Editor’s Note: This article is a part of the new Stick and Hack series “What If?” In this series, we speculate and question what the PGA Tour would look like under different circumstances.
Over the last 20 years, the junior golf age group has been one of the sport’s most diverse and stable demographics. They fuel the future of golf, especially after the COVID pandemic has pushed participation to record highs.
In 2019, 2.5 million juniors played on a course according to data from the National Golf Foundation. In the same study, 36% of the juniors are girls compared to 15% in 2000. Over 25% of these were also minority players.
This marks a stark difference with the PGA Tour today. Diversity among professional golfers is still lacking compared to other major sports. This is why it is critical for the sport to begin appealing to the next generation.
How can we address this? The answer lies with investing in talent early.
How about a PGA tournament that shines the spotlight on some of the best young golfers in the world? Now, I’m not talking about any kind of amateur championship where the players are competing for a tour card, but rather even younger players.
We saw the spectacle of Charlie Woods at the PNC Championship in December and the interest that can be built with kid phenoms. Matt Kuchar’s son, Cameron, also showed how fun it can be watching a younger player’s approach to the game.
Imagine giving a group of the best kid golfers in the world the chance to match up with the Tour’s premier talent. We would be able to create pairings between younger golfers and professionals, either playing scrabble or stroke play. There would not be any prize winnings and the money generated would go towards growing the game.
There is no question that golf has lost some pull with younger audiences over the past 20 years. Kids tend to gravitate towards other sports that are more attention-grabbing over golf’s slower pace, especially as they age.
However, what if we gave them the opportunity to play in front of a television audience next to the sport’s best?
Not only would this generate interest on the behalf of younger players, but it would also give us names to look for and follow as they age. Perhaps we would get to see a player entering high school go shot for shot with one of the PGA’s best; it would be exciting to see unfold.
This is something that other sports excel at over golf. Basketball, for example, has always televised high school games and marketed on those names.
Another example is with baseball. I always remember watching the Little League World Series as a kid and wanting to be there. It made the sport more interesting and drew me in.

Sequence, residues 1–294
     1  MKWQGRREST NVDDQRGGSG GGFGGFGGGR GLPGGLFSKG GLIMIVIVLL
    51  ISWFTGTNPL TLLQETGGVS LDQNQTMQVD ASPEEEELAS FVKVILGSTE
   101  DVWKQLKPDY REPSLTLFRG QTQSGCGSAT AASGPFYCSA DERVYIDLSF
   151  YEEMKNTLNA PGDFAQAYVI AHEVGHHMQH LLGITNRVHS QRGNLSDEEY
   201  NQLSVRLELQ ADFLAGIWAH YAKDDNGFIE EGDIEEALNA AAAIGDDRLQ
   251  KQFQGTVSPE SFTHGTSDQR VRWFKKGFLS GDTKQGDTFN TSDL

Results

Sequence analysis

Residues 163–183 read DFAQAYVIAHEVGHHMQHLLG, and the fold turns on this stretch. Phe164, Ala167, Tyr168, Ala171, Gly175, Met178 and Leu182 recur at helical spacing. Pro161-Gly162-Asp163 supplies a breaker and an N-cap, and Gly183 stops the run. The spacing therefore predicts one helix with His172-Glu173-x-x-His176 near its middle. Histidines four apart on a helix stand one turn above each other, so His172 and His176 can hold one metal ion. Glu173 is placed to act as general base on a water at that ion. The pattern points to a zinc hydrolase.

With golf, however, I would love to follow professional tournaments, but it would always feel so far away. When kids see others similar to them on television, it makes everything more interesting. This concept could generate more excitement in golf.
Then, maybe the sport wouldn’t seem occupied by only older players as the perception is today. If there is any hope in revitalizing golf’s popularity, it will come in making it more accessible for kids.
Of course, there are events such as “Drive Chip & Putt” that showcase the talent of kid golfers across the country. However, the PGA could do much more to promote this. This begins on the PGA’s social media page.
Charlie Woods proved this as he essentially took over the PGA’s Instagram account while he played with his father. Tiger himself showed the power a young, lovable figure could have on the sport. Something such as this could recapture that feeling in more up-and-coming golfers.
By having an actual tournament, the PGA could also donate the proceeds towards players who can’t get over the high costs of playing the sport. This remains as one of the largest obstacles as golf tries to modernize. Because of this, there are numerous benefits that help grow the game in this tournament.
With the already well-structured hierarchy of junior golf tours, this would be a realistic tournament to set up. It is time for the sport to popularize a tournament of this nature and cater towards a younger audience.
Tyler Wells is a born-again golfer from northeastern Vermont that has to dodge the rain and snow for most of the year. Currently, he is a collegiate baseball player at the University of New Haven, and he'll use the "it's a different swing" excuse on every bad shot. He can be a decent golfer when he doesn't slice his tee shot into the next fairway.
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